The Solar Orbiter completed its first flyby around Venus. The device collected data on the planet’s atmosphere before heading towards the Sun.
The joint US-European spacecraft Solar Orbiter flew around Venus for the first time. This is one of the dozens of maneuvers that the device must make around the planet’s orbit before traveling to the Sun.
The solar orbiter approached Venus at a distance of 7.5 thousand kilometers. The probe, created in partnership between NASA and the European Space Agency (ESA), launched in February, was supposed to spend seven years studying the Sun. But to get as close to the star as scientists want, the spacecraft needs to do a few maneuvers. Therefore, scientists want the device also to study the atmosphere of Venus.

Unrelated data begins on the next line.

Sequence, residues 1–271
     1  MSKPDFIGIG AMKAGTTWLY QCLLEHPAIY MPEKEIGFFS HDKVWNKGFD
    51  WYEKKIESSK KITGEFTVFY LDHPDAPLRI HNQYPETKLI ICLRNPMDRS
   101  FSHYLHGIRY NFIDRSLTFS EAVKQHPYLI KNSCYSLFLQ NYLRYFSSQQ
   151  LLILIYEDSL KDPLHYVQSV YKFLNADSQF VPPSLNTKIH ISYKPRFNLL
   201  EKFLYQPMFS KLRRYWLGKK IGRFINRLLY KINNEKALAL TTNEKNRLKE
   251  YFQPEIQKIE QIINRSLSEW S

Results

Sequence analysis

“This mission is not specifically designed to observe Venus. However, we are always looking for bonus opportunities to engage in science, so yes, we will conduct observations when we approach Venus again, ”the researchers noted.
Scientists collected data using the spacecraft’s magnetometer, a radio and plasma wavemeter, and some sensors on an energy particle detector during today’s flyby. Given these instruments and the solar orbiter’s distance from Venus, observations will have “limited impact on science,” NASA researchers noted.